Spice up your life with turmeric, MS sufferers told

- Last updated on GMT

Related tags: Multiple sclerosis, Immune system

A compound found in the spice turmeric could help slow the
progression of the debilitating disease multiple sclerosis (MS),
according to preliminary studies on rats.

A compound found in the spice turmeric could help slow the progression of the debilitating disease multiple sclerosis (MS), according to preliminary studies on rats.

The compound, curcumin, helped prevent the onset of MS in rats, according to research from the Vanderbilt University in Nashville, Tennessee. Rats in a placebo group contracted the disease and showed severe paralysis, lead researcher Dr Chandramohan Natarajan told delegates at the Experimental Biology conference in New Orleans this week.

The exact causes of MS are unknown, but what is understood is how the disease works - it causes the body's own immune system to attack the nerve fibres in the brain and spine, causing, in extreme cases, paralysis.

Natarajan said that a number of studies had recently been carried out on the effects of curcumin following the revelation that Indian populations had a very low incidence of MS, Alzheimer's and other neurological diseases.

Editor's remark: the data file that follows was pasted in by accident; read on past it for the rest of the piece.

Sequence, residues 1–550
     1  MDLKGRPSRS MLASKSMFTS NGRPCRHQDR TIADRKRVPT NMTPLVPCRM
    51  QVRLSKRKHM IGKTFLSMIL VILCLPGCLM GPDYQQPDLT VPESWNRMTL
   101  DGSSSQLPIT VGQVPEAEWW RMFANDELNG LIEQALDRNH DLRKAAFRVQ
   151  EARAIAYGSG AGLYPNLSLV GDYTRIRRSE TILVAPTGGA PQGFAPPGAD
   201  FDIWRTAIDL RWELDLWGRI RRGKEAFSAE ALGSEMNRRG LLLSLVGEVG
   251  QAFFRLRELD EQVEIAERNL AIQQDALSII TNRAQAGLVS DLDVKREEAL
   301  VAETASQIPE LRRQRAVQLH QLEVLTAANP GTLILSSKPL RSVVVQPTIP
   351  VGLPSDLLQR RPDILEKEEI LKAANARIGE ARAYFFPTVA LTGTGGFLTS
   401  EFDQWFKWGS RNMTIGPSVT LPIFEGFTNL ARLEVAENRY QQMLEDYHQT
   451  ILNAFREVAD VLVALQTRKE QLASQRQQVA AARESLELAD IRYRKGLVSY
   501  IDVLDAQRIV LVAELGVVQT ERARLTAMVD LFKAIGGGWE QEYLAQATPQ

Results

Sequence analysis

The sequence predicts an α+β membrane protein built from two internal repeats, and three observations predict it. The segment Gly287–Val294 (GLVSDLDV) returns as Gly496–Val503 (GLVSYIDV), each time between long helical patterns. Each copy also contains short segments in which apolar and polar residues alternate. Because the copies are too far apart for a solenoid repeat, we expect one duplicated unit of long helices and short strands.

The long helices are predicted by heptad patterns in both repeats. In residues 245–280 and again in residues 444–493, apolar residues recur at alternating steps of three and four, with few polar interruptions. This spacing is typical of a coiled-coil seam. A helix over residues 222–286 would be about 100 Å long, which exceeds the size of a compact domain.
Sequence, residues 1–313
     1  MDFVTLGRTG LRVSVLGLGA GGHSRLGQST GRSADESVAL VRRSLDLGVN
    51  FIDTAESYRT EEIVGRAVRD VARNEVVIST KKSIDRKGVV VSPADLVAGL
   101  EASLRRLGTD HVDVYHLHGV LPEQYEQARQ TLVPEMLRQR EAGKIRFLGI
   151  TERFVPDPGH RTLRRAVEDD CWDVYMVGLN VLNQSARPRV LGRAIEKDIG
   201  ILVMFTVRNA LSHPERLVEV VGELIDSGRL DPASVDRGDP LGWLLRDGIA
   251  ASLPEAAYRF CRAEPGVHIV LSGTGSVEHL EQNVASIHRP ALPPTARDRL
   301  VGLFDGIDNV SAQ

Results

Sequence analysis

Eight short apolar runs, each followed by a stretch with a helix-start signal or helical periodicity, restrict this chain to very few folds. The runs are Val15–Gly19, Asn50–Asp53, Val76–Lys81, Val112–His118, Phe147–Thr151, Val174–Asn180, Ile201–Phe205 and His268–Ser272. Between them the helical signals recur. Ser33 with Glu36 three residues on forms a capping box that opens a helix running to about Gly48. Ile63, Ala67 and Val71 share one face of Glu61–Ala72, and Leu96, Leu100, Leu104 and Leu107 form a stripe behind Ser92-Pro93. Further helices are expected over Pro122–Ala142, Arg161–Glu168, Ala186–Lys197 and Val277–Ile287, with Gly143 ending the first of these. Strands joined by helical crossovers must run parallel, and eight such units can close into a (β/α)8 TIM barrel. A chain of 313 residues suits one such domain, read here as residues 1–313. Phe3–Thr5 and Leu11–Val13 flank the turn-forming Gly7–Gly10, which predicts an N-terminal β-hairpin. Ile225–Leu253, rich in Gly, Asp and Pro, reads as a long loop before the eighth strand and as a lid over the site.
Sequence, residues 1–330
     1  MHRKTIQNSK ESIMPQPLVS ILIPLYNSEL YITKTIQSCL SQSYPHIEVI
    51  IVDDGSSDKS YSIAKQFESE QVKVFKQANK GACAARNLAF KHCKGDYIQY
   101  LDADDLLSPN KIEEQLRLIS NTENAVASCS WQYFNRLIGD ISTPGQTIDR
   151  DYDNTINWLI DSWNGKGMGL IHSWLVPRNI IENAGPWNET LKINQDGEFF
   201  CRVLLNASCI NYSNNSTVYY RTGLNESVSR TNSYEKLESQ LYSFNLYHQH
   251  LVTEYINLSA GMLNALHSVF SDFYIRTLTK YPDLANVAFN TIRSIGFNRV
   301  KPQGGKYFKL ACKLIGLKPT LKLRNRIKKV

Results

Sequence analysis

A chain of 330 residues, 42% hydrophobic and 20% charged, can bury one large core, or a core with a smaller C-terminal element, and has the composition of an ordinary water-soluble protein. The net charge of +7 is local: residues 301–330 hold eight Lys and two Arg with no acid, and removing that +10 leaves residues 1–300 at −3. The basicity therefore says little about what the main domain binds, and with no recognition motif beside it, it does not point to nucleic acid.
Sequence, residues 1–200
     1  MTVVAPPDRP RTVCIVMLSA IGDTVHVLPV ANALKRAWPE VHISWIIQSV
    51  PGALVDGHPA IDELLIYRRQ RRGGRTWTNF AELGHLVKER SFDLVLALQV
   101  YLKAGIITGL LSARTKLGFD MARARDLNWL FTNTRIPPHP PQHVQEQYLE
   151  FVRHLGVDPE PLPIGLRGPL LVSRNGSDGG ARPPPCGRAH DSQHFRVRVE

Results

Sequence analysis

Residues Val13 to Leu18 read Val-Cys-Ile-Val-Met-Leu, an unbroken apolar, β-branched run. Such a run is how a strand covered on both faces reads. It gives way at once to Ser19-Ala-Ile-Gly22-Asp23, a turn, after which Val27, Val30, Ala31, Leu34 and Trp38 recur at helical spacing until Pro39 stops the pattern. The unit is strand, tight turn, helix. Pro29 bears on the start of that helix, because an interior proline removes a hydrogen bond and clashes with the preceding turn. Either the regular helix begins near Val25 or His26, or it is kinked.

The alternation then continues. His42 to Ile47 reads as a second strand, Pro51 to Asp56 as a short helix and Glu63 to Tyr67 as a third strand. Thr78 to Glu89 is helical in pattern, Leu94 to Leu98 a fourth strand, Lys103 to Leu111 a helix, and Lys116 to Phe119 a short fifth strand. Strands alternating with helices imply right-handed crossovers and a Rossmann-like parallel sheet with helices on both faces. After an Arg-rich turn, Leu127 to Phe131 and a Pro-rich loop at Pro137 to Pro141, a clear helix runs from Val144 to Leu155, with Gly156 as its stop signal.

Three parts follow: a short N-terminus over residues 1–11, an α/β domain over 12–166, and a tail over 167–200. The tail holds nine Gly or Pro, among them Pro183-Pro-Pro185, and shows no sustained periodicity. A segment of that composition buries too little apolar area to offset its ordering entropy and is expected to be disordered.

The latest research involved giving injections of 50- and 100-microgram doses of curcumin to a group of rats three times a week for a month. The rats had been engineered to develop experimental autoimmune encephalomyelitis (EAE), a disease which is similar to MS in that it attacks the protective covering of the nerve fibres.

After 15 days, the placebo group had contracted EAE, but the 50-microgram group showed only minor symptoms, such as temporary stiffness. The rats in the 100-microgram groups remained unaffected by the disease throughout the entire 30-day period.

Natarajan said that it was still unclear exactly how the curcumin worked in protecting the nerve fibres. He suggested that it might interrupt the production of IL-12, a protein that plays a key role in telling the immune cells to begin their attack. While the study results remain preliminary, Natarajan said that MS sufferers could certainly do worse than adding a little spice to their life.

Related topics: Research

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